Varicose veins are swollen, twisted, and sometimes painful veins that have filled with an abnormal collection of blood.
Causes, incidence, and risk factors:
In normal veins, valves in the vein keep blood moving forward toward the heart. With varicose veins, the valves do not function properly, allowing blood to remain in the vein. Pooling of blood in a vein causes it to enlarge.
This process usually occurs in the veins of the legs, although it may occur elsewhere. Varicose veins are common, affecting mostly women.
- Defective valves from birth (congenitally defective valves)
Standing for a long time and having increased pressure in the abdomen may make you more likely to develop varicose veins, or may make the condition worse.
Primary varicose veins occur because of congenitally defective valves, or without a known cause. Secondary varicose veins occur because of another condition, such as when a pregnant woman develops varicose veins.
- Fullness, heaviness, aching, and sometimes pain in the legs
- Visible, enlarged veins
- Mild swelling of ankles
- Brown discoloration of the skin at the ankles
- Skin ulcers near the ankle (this is more often seen in severe cases)
Signs and tests:
The diagnosis is mainly based on the appearance of the leg veins when you are standing or seated with the legs dangling.
At times a physician may order a duplex ultrasound exam of extremity to see blood flow in the veins, and to rule out other disorders of the legs (such as a blood clot). Rarely, an angiography of the legs may be performed to rule out other disorders.
Treatment is usually conservative. You will be asked to avoid excess standing, raise your legs when resting or sleeping, and wear elastic support hose.
You may need treatment to improve the appearance of your legs. Surgery may be recommended, such as:
Vein stripping is usually reserved for patients who are experiencing a lot of pain or who have skin ulcers.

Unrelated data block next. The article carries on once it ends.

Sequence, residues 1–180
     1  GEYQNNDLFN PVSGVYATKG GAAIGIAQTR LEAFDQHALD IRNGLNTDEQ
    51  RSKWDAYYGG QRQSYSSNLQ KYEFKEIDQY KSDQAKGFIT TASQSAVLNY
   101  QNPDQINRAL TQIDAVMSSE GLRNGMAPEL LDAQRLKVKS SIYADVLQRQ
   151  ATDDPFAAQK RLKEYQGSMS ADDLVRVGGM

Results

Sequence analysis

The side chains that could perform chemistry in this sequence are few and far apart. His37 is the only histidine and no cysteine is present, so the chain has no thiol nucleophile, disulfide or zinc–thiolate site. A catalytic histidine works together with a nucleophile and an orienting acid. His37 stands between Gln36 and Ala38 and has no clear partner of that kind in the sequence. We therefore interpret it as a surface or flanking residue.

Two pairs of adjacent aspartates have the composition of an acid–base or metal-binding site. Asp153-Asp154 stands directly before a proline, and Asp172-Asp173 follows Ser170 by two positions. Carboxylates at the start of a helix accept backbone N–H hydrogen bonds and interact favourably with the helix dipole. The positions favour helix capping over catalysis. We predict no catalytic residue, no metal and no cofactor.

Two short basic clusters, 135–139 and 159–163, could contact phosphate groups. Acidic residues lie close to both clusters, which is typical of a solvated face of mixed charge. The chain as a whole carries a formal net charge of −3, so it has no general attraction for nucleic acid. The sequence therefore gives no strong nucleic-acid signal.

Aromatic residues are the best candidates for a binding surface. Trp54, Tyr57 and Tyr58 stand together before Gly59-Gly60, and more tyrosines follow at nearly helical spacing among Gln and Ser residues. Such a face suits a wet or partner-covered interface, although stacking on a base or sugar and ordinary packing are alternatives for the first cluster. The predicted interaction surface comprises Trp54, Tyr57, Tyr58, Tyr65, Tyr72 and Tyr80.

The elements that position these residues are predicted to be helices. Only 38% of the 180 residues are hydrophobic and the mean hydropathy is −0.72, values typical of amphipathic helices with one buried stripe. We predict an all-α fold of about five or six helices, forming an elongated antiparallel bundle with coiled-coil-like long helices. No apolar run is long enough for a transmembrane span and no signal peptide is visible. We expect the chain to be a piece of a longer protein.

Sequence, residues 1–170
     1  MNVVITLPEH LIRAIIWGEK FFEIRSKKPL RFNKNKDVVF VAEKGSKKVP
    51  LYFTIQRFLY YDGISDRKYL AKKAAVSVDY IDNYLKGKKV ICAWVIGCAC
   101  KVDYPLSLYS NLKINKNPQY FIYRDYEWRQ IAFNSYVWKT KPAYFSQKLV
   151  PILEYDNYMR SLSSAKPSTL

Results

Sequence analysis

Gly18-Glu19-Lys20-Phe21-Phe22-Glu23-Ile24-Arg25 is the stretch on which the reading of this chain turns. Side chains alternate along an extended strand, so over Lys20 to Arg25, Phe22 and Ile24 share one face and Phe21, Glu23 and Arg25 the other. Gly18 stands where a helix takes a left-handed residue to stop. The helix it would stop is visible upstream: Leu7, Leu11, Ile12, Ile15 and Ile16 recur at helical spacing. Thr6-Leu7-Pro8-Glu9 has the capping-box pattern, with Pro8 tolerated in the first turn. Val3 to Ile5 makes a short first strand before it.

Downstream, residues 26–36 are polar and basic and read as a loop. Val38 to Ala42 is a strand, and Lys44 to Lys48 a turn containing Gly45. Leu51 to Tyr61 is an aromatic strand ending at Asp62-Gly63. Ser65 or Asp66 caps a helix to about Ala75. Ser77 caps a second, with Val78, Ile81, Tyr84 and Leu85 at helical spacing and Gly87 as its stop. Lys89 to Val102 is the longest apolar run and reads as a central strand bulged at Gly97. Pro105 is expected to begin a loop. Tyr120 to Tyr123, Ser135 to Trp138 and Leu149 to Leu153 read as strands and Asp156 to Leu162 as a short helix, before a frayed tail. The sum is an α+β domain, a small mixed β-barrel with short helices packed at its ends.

Varicose veins tend to get worse over time. You can ease discomfort and slow varicose vein progression with self care.
- Phlebitis (chronic inflammation of the vein)
- Formation of leg ulcers
- Rupture of a varicose vein
Calling your health care provider:
Call for an appointment with your health care provider if:
- Varicose veins are painful
- They get worse or do not improve with self-treatment, such as keeping the legs elevated or avoiding excessive standing
- Complications occur, including a sudden increase in pain or swelling, fever, redness of the leg, or leg ulcers
Avoid prolonged standing if personal or family history indicates you are at risk of developing varicose veins.
Freischlag JA, Heller JA. Venous disease. In: Townsend CM, Beauchamp RD, Evers BM, Mattox KL, eds. Sabiston Textbook of Surgery. 18th ed. Philadelphia, Pa: Saunders Elsevier;2008:chap 68.
Nijsten T, van den Bos RR, Goldman MP, et al. Minimally invasive techniques in the treatment of saphenous varicose veins. J Am Acad Dermatol. 2009;60:110-119.
Bergen JJ, Shmidt-Shonbein GW, Smith PD, et al. Chronic venous disease. N Engl J Med. 2006;355:488-498.
|Review Date: 6/1/2009|
Reviewed By: Jeffrey Heit, MD, Internist with special emphasis on preventive health, fitness and nutrition, Philadelphia VA Medical Center, Philadelphia, PA. Review provided by VeriMed Healthcare Network. Also reviewed by David Zieve, MD, MHA, Medical Director, A.D.A.M., Inc.
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